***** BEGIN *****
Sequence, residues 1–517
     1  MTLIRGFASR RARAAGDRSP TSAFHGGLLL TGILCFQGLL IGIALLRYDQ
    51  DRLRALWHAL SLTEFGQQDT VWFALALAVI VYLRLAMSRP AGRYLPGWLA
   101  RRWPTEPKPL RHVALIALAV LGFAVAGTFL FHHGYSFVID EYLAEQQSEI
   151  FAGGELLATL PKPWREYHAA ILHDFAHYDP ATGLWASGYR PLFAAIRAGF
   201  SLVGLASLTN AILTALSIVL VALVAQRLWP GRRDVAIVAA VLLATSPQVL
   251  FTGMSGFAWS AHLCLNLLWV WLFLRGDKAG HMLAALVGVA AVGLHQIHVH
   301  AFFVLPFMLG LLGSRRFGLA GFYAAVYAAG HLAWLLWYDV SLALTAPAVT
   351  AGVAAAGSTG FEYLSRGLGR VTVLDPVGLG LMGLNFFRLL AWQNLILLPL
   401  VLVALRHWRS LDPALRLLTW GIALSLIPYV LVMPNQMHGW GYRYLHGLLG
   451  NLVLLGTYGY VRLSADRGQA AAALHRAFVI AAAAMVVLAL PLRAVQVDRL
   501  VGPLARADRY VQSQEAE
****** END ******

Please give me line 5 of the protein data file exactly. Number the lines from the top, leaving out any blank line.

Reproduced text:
   151  FAGGELLATL PKPWREYHAA ILHDFAHYDP ATGLWASGYR PLFAAIRAGF